He also suggests that a move to more decentralized music systems – versus homerun centralized products – has been a “key driver” for wireless audio.

There’s yet another compelling case for wireless audio: AirPlay. Custom-friendly manufacturers from Russound to Crestron are building the Apple technology into their speakers and sources, and mass-market products abound, making AirPlay a household name for virtually any Apple adopter. Other key players in the category include Proficient and Monster.

Selling Wireless ‘by the Tons’

Elite Media Solutions, a relatively high-end integration firm in Wellesley Hills, mass., has thrived on sonos for years.

“We literally buy them by the tons,” says Elite field manager Frederick Paradis.

Now the company is making room for tons more business in wireless audio, thanks to the introduction of NuVo’s new Wireless Audio system, which can be more easily integrated into a whole-house entertainment and automation system. Previously, the company kluged together an Autonomic mirage media server with wireless squeezebox devices for retrofit applications.

Unlike many integration companies that shy away from wireless audio, Paradis says Elite is “not at all” reluctant to spec such products. in fact, he says, the company enjoys additional profits from sales of robust networking solutions that stabilize wireless audio.


Motorized Shades: Lower Prices, Greater Varieties, Energy Savings Could Spur Sales

By Julie Jacobson

During the most recent CE Pro 100 Summit in November 2012 dealers discussed in roundtables the next great opportunities for their businesses. One integrator had only two words to say: motorized shades.

Motorized shades are nothing new, but many in the CE pro channel are only just embracing the category, while others are placing an increased focus on it. That’s because new vendors, new technologies, retrofit solutions, energy savings and lower product costs have opened new doors.

One of the biggest new opportunities of 2012 came from Lutron, which introduced its lowest-cost shading product ever, in a category that typically commands high prices. The company’s Sivoia QS Wireless Cellular battery-powered shades start at just $299 for a 3- by 5-foot window.

“Motorized shades are seeing a slight resurgence with us because of Lutron’s lower-priced entries into the market, coupled with the Ra 2 connectivity,” says James Goodrich of Honolulu-based Cine Life, referring to Lutron’s RadioRa2 home control system. “They’re simple to install and simple to operate, at a reasonable price point.”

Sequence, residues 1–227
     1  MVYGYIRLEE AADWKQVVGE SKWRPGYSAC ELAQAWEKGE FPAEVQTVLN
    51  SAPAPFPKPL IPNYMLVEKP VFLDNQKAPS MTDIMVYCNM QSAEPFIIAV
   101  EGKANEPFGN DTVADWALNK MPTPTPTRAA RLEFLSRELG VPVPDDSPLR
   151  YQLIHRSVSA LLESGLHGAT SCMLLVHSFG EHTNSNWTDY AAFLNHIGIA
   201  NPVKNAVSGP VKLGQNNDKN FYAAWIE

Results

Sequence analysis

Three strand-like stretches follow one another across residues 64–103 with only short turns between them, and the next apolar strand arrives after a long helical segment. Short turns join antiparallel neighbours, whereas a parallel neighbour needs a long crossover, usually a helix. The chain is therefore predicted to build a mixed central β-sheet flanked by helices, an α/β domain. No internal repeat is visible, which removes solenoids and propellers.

Competitor Somfy is seeing a noticeable increase in business among traditional window-covering professionals, thanks to its new Tahoma home automation system. These dealers, in turn, are entering our channel as integrators of lighting, thermostats, motorized shades and other home technologies.

CEDIA Expo 2012 saw a record number of exhibitors in the motorized shading category including Hunter Douglas/Electronic Solutions Inc. (ESI), Mecho-Shade and QMotion. The biggest surprise, however, was Crestron Electronics, which debuted its first line of motorized shades.

“Crestron has a great new solution that is energizing dealers, designers, homeowners, etc.,” says Jeff Cherun of Teatro Custom Installation, serving the Los Angeles area. “It is nice to have a one-stop solution, and now Crestron offers that.”

ACQUIRING A MOTORIZED SHADE BUSINESS
Engineered Environments, a leading high-end integration firm based in Alameda, Calif., is so bullish on motorized shades that it acquired a company in the space. Principal Randy Stearns explains:

Have you been reluctant to sell motorized shades in the past?
Engineered Environments has installed motorized window treatments for years, but our success rate has been less than stellar, especially when the application moved beyond a basic roller shade with conventional pockets. We struggled with dual and oversize shades, irregular size pockets, curve tracks and more. As an industry leader, Engineered Environments is expected and accustomed to being the best. We simply weren’t when it came to shades. So, in June 2011, I acquired the best motorized window treatment specialty firm in the Bay Area, Advanced Shading, and the business has taken off.

What prompted you to push this category more?
Motorized window treatments is an industry sector that is growing and gross margins remain strong.

What has changed in the marketplace that makes motorized shades more appealing to integrators?
The product offering continues to improve with quieter motors, wireless options, app-based control, and expanded fabric selection.